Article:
BAGHDAD - Iraq is planning to send urgent delegations to the United States and Iran, its prime minister said Tuesday, as Baghdad seeks to rein in soaring tensions between its top allies.
Baghdad "will very soon send delegations to Tehran and Washington to push for calm", Adel Abdel Mahdi told journalists in the Iraqi capital.
The United States and Iran have exchanged bellicose rhetoric in recent weeks, with the US deploying a naval strike group and B-52 bombers to the Gulf over unspecified Iranian "threats".
The bitter standoff has raised fears of the consequences for Iraq, which has sought to balance its ties between the bitter enemies.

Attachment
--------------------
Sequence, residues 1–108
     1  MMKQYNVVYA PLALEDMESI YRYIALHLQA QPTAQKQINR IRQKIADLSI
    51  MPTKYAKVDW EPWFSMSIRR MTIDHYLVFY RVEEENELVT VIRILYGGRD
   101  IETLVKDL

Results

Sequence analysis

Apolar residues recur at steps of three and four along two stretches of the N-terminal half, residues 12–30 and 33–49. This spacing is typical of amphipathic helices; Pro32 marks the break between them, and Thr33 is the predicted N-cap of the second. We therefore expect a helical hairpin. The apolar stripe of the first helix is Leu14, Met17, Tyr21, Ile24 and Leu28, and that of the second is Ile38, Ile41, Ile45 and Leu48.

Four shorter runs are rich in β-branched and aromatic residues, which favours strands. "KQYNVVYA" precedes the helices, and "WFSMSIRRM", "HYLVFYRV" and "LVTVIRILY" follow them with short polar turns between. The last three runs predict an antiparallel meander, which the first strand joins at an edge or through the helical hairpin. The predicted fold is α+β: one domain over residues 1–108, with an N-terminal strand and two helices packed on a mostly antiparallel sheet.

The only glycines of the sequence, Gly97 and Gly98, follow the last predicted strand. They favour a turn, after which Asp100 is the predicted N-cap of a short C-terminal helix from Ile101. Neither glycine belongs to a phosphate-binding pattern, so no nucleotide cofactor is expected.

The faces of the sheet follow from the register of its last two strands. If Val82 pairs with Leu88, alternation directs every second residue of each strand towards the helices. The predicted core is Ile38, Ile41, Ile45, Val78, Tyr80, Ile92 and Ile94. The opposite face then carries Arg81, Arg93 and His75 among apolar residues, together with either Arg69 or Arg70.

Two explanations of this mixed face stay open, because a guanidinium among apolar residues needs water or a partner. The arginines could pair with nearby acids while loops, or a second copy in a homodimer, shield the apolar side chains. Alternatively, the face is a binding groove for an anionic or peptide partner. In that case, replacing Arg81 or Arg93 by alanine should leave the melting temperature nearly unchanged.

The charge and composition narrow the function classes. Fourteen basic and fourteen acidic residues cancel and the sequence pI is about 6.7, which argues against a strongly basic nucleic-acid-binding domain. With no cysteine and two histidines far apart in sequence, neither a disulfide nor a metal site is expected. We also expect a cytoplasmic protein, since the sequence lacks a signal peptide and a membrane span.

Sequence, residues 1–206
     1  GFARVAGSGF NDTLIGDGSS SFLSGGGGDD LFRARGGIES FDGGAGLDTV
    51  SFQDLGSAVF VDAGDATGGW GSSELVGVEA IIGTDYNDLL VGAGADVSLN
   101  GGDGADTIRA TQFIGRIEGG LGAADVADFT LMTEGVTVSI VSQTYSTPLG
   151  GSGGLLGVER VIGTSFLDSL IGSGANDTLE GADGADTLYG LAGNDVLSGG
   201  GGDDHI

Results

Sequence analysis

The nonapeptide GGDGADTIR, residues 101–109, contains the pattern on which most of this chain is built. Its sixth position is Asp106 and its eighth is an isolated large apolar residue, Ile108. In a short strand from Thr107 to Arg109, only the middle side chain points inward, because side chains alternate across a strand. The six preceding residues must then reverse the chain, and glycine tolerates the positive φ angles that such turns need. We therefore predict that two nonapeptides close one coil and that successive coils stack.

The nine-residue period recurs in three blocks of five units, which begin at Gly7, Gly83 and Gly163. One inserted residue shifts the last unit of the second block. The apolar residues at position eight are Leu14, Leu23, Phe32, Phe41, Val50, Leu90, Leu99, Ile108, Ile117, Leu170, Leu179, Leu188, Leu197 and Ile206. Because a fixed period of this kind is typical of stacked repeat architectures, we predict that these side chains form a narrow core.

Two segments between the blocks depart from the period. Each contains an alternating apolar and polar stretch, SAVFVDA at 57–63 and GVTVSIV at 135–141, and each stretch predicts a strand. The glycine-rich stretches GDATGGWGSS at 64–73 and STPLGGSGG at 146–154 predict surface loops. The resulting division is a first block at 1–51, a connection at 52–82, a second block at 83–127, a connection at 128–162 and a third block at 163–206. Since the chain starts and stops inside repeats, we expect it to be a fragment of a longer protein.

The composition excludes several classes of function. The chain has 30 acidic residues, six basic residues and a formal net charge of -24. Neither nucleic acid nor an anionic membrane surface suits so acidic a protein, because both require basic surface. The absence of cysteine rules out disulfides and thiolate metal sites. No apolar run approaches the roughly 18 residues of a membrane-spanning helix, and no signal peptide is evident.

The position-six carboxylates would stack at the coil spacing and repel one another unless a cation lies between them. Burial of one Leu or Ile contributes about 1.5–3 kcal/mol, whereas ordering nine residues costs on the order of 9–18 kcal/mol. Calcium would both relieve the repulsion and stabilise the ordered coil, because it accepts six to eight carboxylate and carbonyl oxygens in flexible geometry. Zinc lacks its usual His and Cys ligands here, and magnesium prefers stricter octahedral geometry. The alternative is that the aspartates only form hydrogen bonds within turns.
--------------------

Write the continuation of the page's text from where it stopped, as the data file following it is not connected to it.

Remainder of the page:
On Sunday, a Katyusha rocket was fired into Baghdad's Green Zone housing government offices and embassies including the US mission, days after Washington evacuated staff from Iraq, citing Iranian threats.
Abdel Mahdi stressed the need to "avoid giving other parties the space to inflame the situation".
"We will not allow Iraq to be a war zone or a launchpad for a war against any state," he said.
Calming the situation would "serve both the interests of Iraq and its people and those of the region in general," he added.
The premier said Iraq "does not have the option of distancing itself" from US-Iranian tensions, and said Baghdad was working with European and Arab states to calm the situation.
Another Iraqi official, who asked not to be named, said that Baghdad would be a suitable place for US-Iranian talks.
"The United States considers Iraq the only country able to bring the two countries together for negotiations," he said.